Help Polar Bears at the Saddest Zoo in the World

The Grandview Aquarium in Guangzhou, China, opened the doors to its animal on January 9, 2016, and has already been called "one of the saddest zoos in the world" because the animals there suffer from neglect, poor care, lack of stimulation, and lack of natural light. The zoo is located in a shopping mall.

The aquarium displays 500 species—including two polar bears, five walrus calves, six young beluga whales, and two Arctic wolves—in barren enclosures that are too small for them to engage in natural behavior.

Spectators have reported that animals display symptoms of zoochosis. The walrus calves and beluga whales have been observed swimming in circles in their small tanks, and the bears, Arctic wolves, and foxes pace back and forth excessively and scratch at the walls. Many captive animals develop such neurotic and abnormal behavior as the result of literally being driven crazy by their confinement. Captive marine animals often die years earlier than their natural life spans from a wide variety of causes, including living in contaminated water, which might have caused the death of a grouper who was found dead inside a tank.

The Grandview Aquarium, like all aquariums, is part of a billion-dollar industry built on the suffering of intelligent, social beings who are denied everything that is natural and important to them. Many Chinese citizens have spoken out against the animals' living conditions at the zoo, and a WeChat post about the appalling facility has gone viral. However, we need to raise more awareness to help put a stop to this cruel "attraction."

Please sign our petition asking Cui Tiankai, ambassador of China to the U.S., to use his influence to close the Grandview Aquarium and ensure the welfare of the animals who are imprisoned there.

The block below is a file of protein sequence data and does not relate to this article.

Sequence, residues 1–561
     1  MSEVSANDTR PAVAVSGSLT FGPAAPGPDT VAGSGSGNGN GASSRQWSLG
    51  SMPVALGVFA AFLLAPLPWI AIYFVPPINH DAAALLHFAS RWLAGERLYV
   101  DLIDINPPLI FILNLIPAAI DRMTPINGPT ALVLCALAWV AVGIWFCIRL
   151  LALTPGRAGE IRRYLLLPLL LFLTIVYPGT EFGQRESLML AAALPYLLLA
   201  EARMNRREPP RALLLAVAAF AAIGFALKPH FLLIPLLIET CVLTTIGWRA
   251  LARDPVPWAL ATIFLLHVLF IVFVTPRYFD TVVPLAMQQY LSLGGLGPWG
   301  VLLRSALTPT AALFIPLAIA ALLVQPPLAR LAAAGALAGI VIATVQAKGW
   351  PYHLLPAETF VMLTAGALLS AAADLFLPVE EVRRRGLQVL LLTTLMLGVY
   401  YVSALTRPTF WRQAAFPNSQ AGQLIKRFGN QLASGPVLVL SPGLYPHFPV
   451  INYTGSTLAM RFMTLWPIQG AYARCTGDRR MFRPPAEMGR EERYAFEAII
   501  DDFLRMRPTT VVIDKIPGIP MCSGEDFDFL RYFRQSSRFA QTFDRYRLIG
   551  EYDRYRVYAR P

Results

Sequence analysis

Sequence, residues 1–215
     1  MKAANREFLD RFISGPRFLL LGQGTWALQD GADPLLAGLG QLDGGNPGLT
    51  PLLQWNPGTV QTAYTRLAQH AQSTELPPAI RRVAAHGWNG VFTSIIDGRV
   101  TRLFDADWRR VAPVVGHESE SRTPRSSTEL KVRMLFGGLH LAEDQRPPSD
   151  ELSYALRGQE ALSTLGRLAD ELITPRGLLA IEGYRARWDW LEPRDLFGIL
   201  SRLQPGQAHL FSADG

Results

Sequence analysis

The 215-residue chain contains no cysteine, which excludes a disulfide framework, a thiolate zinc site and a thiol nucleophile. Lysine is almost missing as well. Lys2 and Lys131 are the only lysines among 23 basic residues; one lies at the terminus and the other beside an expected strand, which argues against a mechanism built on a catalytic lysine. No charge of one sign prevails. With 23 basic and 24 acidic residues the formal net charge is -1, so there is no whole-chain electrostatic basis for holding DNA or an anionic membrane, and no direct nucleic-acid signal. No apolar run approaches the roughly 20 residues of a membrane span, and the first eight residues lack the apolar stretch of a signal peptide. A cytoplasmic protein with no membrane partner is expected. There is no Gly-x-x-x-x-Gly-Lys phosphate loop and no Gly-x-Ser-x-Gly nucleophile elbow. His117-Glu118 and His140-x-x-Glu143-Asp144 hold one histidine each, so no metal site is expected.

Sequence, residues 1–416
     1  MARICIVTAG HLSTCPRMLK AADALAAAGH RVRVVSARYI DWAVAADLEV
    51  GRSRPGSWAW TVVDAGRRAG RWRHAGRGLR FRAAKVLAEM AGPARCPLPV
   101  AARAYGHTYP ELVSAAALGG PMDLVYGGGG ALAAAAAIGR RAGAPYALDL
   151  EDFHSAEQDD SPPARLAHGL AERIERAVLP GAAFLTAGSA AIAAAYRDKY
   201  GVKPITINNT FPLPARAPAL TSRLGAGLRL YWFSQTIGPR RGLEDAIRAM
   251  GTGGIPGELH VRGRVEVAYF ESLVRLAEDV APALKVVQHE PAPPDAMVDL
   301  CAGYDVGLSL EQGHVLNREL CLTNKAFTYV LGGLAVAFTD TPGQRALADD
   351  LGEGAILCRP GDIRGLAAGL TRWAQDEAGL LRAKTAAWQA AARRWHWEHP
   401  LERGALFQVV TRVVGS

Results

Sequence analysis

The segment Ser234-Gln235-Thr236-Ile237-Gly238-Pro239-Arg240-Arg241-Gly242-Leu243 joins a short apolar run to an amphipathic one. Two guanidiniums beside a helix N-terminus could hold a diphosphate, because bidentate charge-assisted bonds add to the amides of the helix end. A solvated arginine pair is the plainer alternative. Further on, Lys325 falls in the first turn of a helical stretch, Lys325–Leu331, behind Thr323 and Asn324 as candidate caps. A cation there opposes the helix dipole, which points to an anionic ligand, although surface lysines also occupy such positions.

Subject: Please Close the Inhumane Grandview Aquarium

Dear [Decision maker], 

I was deeply concerned to hear about the poor living conditions of the animals who are housed at the recently opened Grandview Aquarium in Guangzhou.

Walrus calves and beluga whales can be seen swimming in circles in their small tanks, and the bears, Arctic wolves, and foxes have been observed pacing back and forth excessively and scratching at the walls. Many captive animals develop this neurotic and abnormal behavior in an effort to cope with their miserable lives. Their living conditions in this zoo prison stand in stark contrast to what they would experience in their natural habitats, where they would be free to roam. In the wild, marine animals live rich lives filled with activities and interests. They swim together in extended pods and travel vast distances every day in the open ocean. In captivity--where their worlds are reduced from miles to meters--they can do nothing but swim in circles in tanks that are, to them, the size of bathtubs.

The public has been voicing opposition to the Grandview Aquarium, and we will keep raising awareness of the zoo's poor living conditions until its doors close. Please use your influence to help ensure the welfare of the animals imprisoned at the Grandview Aquarium.

[Your comments here]

Thank you,
[Your name]
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